Author: Anika Peucker | Translation: Anna Knollmann, Stephanie Anderseck

Organic wax is made from carbon dioxide

Generation Y. I belong to this generation. Some things are imputed to us. A much quoted statement is: We are becoming more environmentally conscious again. In all areas of my life I also try to use natural products and pay attention to the environment.This is particularly important to me in the field of cosmetics, because everyone, including you, uses cosmetics every day. And that is not little: just pause for a moment and think about how many cosmetic products you yourself own and use every day. This is exactly why I prefer natural cosmetics to conventional cosmetics.

But what exactly distinguishes classic from natural cosmetics? Natural cosmetic products contain no synthetic ingredients. This makes the products more compatible and less harmful to the environment. By the way, the market share for natural and near-natural cosmetics in the overall market is not so small. According to Statista, it was already over 16 percent in 2016 - and the trend is rising. More and more manufacturers are also being certified with a wide variety of natural cosmetics quality seals.

When I talked to my colleagues about this topic during my lunch break, they told me that we at the Fraunhofer IKTS are currently trying to produce waxes or alcohols using Fischer-Tropsch synthesis. Such waxes could later be used in the cosmetics industry, for example. I had never heard of this before, but of course I wanted to know more about it.


The Fischer-Tropsch process

The Fischer-Tropsch synthesis is an almost 100 year old process. The synthesis converts different but renewable carbon sources such as coal, natural gas or biomass into a synthetic gas, which reduces the consumption of fossil materials. One potential source of carbon could be biogas plants, for example, because carbon dioxide is produced during the production of biogas. Currently, CO2 is only a by-product or waste product. With the Fischer-Tropsch process, this "waste product" can be processed into wax. The novelty of this process is that it is now possible to produce waxes that are not based on crude oil; animal or natural waxes are of course excluded.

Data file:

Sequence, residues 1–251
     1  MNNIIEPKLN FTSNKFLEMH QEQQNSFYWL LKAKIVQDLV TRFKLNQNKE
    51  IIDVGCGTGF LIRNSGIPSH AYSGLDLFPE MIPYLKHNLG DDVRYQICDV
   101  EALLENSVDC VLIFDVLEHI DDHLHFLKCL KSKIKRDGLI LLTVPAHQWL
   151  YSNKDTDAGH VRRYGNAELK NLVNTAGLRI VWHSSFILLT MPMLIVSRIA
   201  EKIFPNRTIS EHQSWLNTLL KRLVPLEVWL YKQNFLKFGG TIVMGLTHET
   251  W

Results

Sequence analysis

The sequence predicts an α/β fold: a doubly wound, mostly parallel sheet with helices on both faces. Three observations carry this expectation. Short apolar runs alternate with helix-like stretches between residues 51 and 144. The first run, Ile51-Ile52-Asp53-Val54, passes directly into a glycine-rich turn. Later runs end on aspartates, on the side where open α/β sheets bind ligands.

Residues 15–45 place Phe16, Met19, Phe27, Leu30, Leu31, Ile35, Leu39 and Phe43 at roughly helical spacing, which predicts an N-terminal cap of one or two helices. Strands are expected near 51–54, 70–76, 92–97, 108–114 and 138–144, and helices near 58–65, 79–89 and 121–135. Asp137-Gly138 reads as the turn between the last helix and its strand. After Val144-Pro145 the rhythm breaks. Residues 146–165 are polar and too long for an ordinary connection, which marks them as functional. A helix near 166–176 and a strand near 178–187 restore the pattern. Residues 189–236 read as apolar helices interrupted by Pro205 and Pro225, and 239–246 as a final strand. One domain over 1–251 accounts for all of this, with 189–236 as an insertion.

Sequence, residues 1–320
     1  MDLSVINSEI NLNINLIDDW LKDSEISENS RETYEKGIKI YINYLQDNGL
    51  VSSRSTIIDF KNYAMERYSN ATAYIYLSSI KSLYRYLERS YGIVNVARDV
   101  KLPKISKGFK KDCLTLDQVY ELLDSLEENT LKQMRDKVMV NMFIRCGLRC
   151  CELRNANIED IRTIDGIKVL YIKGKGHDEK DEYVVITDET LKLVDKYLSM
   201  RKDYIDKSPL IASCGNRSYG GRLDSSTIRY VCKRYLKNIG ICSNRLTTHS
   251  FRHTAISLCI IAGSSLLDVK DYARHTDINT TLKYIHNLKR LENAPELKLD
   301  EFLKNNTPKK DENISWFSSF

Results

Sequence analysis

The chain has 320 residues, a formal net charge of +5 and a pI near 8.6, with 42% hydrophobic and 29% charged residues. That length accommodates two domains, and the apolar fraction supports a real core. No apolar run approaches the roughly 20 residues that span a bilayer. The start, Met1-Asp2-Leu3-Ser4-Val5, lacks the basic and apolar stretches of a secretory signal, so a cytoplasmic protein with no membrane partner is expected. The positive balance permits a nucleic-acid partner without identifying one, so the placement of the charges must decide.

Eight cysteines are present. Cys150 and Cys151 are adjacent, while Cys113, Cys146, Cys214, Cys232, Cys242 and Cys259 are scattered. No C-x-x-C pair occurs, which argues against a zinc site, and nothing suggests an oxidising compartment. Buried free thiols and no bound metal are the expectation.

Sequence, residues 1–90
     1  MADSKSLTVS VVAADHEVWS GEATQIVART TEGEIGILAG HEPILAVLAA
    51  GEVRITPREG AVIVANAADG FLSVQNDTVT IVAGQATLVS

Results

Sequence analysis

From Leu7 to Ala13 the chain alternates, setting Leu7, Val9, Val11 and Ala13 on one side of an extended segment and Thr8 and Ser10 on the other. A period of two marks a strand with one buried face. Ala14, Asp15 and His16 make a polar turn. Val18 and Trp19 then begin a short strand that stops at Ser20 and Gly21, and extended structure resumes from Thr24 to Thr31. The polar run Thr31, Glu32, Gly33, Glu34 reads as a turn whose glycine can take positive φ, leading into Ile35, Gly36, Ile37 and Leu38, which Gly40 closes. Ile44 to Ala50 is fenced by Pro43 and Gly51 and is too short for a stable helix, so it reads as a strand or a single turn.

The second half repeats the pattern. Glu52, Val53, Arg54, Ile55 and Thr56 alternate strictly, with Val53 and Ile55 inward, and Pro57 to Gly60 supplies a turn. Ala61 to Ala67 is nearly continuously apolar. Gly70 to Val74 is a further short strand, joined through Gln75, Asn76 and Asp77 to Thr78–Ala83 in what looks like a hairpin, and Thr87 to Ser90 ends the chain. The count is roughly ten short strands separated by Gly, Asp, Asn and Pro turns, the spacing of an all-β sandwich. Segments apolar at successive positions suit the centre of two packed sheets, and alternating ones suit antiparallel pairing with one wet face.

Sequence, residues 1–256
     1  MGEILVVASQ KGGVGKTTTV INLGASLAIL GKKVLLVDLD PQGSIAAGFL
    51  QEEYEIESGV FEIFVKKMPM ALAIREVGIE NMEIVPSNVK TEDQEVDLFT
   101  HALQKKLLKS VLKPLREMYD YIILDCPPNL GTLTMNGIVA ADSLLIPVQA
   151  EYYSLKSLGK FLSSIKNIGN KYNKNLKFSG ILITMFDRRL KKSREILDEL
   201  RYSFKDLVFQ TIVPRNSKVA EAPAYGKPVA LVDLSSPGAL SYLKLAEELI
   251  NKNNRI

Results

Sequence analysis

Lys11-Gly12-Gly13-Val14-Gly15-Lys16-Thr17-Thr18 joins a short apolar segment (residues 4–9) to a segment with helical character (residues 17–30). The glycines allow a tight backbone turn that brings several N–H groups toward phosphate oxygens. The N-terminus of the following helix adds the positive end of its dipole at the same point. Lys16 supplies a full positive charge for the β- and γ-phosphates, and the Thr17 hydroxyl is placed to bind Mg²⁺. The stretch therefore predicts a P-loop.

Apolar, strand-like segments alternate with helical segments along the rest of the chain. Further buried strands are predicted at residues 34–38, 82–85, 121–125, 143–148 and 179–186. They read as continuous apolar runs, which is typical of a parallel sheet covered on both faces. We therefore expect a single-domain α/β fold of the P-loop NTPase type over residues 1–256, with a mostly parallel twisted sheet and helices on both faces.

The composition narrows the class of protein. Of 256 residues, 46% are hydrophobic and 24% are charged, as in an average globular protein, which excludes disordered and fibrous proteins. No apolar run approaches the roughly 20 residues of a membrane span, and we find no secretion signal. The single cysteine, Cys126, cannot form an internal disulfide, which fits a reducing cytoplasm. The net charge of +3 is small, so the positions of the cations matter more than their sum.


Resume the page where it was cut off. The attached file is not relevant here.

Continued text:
Laboratory plant for methanation and Fischer-Tropsch synthesis.
© Fraunhofer IKTS
Laboratory plant for methanation and Fischer-Tropsch synthesis.

The Fraunhofer IKTS itself is working on Fischer-Tropsch synthesis to make the process more efficient. This involves not only the development of new, better catalysts and catalyst structures, but also their easy replacement. The new catalyst structures consist of a ceramic film technology. This ceramic film technology allows the residence time and temperature gradient to be controlled, thus ensuring the quality of the waxes.

Two new process chains are currently being conceptualized and tested in pilot studies financed by the EU and the state of Saxony. They demonstrate the production of the waxes by Fischer-Tropsch synthesis. The pilot studies are essential to determine the economic efficiency of the process.

What are the advantages of waxes obtained by Fischer-Tropsch synthesis? They differ from conventional waxes such as beeswax, jojoba oil or synthetic waxes such as paraffins in their production.

For example, the "Fischer-Tropsch waxes" are not synthesized as the main product, but casually from a "waste product" - carbon. This promises an optimal use of resources. We waste nothing! In addition, the waxes are particularly suitable for use in cosmetics, as they are free of aromatic compounds. This means that these waxes are better tolerated by allergy sufferers.


"Fischer-Tropsch waxes" - a real alternative?

The fact that waxes produced by the Fischer-Tropsch process will soon be used is still a dream of the future, as the economic efficiency of production has yet to be proven. Nevertheless, the idea of an alternative, environmentally friendly source to petroleumbased waxes is exciting and attractive, especially when considering the further decline in man-made oil reserves.


Stay informed: You are welcome to subscribe to our newsletter, read our other blog articles and follow us on LinkedIn, Instagram and YouTube.